Of all the fascinating accounts of the financial crisis that have come out in recent years, Sheila Bair's Bull by the Horns has to be one of the most astonishing.
Bair headed the Federal Deposit Insurance Corporation from 2006 to 2011, during which time she played a leading role in coping with the unfolding disaster as well as reforming the system. The FDIC is responsible for preventing bank runs in the United States by insuring bank deposits, supervising risk-taking, and cleaning up failing banks.
Bair's known for taking a no-nonsense approach to dealing with Wall Street. She currently chairs the Systemic Risk Council, an independent, nonpartisan group that includes Paul Volcker, Simon Johnson, Jeremy Grantham, Jack Reed, and reform-minded financial experts.
Bull by the Horns ruthlessly explores the crisis and its aftermath. Nearly every page reveals something astonishing about our financial and political systems.
Here are just a few of the intriguing bits:
"Bailing out the boneheads"
A big chunk of the book covers what Bair describes as incompetence by many of the people running our largest banks, and the largesse policymakers lavished on them during bailouts.
Bair characterizes Citigroup's management as "bungling", its then-CEO Vikram Pandit an inexperienced banker, a "poor choice ... a hedge fund manager by occupation and one with a mixed record." Bank of America then-CEO Ken Lewis exhibited poor deal-making skills, overpaying for Countrywide and Merrill Lynch. And Merrill Lynch then-CEO John Thain? He drops the first question in the bailout briefing: Will there be limits on executive bonuses?
But Bair reserves her harshest criticism for fellow (de)regulatory heads -- John Dugan, John Reich, and especially Timothy Geithner -- for going too easy on the banks. During the go-go days, they were eager to let banks ratchet up risky behavior. During the bailout, Bair portrays Geithner as eager to extend generous bailouts with few strings attached. In Bull by the Horns, he pushes for the teetering Citigroup to acquire Wachovia instead of the much stronger Wells Fargo so as to get the FDIC to ensure Citigroup's loans. He tries to water down key financial reforms such as the Volcker Rule and tougher capital cushion standards with mixed success.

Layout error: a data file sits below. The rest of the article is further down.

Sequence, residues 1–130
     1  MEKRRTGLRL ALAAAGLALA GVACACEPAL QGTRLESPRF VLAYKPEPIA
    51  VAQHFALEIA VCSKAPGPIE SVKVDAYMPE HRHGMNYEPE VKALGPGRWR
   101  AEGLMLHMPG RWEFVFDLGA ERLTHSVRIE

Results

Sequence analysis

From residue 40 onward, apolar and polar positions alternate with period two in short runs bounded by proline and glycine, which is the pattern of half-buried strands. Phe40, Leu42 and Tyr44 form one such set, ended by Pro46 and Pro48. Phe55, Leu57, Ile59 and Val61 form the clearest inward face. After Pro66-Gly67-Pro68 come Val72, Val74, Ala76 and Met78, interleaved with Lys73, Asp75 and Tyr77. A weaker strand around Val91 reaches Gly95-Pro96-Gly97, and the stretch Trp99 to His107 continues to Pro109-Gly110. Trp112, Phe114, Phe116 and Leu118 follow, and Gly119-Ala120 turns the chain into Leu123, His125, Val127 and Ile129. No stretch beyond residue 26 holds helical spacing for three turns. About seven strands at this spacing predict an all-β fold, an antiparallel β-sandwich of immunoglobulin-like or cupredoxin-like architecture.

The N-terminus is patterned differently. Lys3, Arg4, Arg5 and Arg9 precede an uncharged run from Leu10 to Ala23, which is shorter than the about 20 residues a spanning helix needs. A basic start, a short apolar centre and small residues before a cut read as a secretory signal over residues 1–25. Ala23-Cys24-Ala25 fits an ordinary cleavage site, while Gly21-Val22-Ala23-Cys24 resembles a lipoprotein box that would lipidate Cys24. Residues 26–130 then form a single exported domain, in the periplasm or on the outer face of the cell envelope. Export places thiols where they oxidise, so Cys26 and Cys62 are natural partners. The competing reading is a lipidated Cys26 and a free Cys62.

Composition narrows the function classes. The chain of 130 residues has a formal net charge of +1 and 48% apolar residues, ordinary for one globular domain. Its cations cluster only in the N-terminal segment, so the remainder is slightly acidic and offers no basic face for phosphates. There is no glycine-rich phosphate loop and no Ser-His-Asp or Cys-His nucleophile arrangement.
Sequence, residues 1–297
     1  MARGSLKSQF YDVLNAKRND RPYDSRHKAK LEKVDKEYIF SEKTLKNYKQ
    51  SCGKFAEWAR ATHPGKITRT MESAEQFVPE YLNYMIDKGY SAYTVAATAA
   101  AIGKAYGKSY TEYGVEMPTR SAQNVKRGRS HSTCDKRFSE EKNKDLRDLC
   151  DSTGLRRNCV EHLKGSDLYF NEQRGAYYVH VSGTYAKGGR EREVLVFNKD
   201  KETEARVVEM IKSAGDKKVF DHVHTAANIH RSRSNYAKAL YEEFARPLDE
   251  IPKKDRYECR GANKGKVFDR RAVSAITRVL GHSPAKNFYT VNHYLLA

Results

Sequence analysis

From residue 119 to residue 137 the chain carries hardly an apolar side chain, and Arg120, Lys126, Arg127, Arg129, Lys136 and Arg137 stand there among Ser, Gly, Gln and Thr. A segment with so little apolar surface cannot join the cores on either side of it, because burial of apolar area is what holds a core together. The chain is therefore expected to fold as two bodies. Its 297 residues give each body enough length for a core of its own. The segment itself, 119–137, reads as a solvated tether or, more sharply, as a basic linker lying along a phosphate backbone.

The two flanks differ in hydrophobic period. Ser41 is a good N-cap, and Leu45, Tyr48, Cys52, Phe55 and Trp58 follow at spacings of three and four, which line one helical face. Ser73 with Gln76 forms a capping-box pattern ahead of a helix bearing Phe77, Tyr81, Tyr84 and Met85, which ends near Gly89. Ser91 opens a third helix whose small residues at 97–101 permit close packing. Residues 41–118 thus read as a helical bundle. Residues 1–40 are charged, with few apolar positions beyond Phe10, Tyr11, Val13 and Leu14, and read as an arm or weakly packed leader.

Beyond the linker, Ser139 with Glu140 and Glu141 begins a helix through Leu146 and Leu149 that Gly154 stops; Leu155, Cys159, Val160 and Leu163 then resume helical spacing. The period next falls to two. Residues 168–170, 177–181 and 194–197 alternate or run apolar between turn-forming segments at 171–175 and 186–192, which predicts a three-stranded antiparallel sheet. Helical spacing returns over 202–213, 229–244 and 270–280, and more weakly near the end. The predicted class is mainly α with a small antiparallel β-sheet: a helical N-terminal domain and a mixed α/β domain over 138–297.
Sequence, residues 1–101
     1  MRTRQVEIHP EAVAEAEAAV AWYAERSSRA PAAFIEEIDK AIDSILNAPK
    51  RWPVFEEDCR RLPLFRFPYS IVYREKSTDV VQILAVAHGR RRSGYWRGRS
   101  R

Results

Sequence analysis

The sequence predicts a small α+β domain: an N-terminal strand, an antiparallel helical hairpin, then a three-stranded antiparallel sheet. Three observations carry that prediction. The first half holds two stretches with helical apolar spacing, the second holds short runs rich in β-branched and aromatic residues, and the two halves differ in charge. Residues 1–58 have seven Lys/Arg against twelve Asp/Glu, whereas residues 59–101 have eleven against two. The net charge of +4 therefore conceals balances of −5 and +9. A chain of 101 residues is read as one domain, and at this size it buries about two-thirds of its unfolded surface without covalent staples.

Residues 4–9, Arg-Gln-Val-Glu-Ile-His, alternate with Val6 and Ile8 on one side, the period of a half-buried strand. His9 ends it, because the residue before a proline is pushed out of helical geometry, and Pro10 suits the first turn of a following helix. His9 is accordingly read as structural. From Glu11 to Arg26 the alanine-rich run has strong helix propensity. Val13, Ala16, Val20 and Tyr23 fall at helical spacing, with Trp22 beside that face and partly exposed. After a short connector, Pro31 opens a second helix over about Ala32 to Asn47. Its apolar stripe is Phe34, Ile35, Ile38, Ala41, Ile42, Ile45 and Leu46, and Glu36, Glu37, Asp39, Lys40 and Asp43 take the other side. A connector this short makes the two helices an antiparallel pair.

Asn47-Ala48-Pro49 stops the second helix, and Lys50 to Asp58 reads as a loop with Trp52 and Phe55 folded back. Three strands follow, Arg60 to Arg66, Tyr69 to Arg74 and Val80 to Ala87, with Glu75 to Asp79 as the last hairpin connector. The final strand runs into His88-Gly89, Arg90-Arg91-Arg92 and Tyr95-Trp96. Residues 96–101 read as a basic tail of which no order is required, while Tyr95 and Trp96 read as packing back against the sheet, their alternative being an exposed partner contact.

Bair takes pains to point out that these examples of deregulation and bank-coddling aren't due to corruption per se, but stem from a common worldview: banking "self-regulation" works better than correct incentives and real regulatory oversight, and the preservation and profitability of our megainstitutions trump other concerns.
One of the key reasons the American financial system is in so much better shape than Europe's today is that European banks, if it can be believed, took on even more debt than ours did. While we tend to think of the 30 times leverage U.S. investment banks like Lehman Brothers took on as Exhibit A in a bygone age of stupidity, it was common for European banks to use as much as 50 times leverage. (Barclays , Credit Suisse , and Deutsche Bank still carry more than 25 times leverage.)
In 2004, during a period of prevailing deregulatory fervor, bank regulators came to the "Basel II" international framework that said banks should be allowed to use their own models to figure out how much capital they would need to set aside in case things went bad. Because more leverage means higher profits for banks but more risk, banks obviously decided to use too much leverage.
Bair describes how, with a little help from Ben Bernanke, the FDIC was able to continue slow-walking the implementation of Basel II. Looking back, it's astonishing that even in 2006, on the doorstep of the largest financial crisis in generations, banks like Washington Mutual (which two years later would become the largest bank failure in U.S. history) were aggressively trying to increase risk-taking. FDIC figures showed that big banks might have released a whopping quarter of their safety cushion if Basel II had gone into effect.
Bair's account adds new color to then-Citigroup CEO Charles Prince's infamous 2007 comment, "As long as the music is playing you've got to get up and dance. We're still dancing."
Turning around the FDIC
Pretty much every FDIC employee I've spoken with agrees that Bair turned the place around. How she managed to do so provides an important lesson in management for managers and investors alike.
The key, as she told me and described in her book, was restoring a sense of purpose. People at the FDIC needed to know that management supported them, and they needed objective incentivized goals such as bonuses for making sure that every failing bank would be open for business the next day after the FDIC took over.
"Stepping over a dollar to pick up a nickel"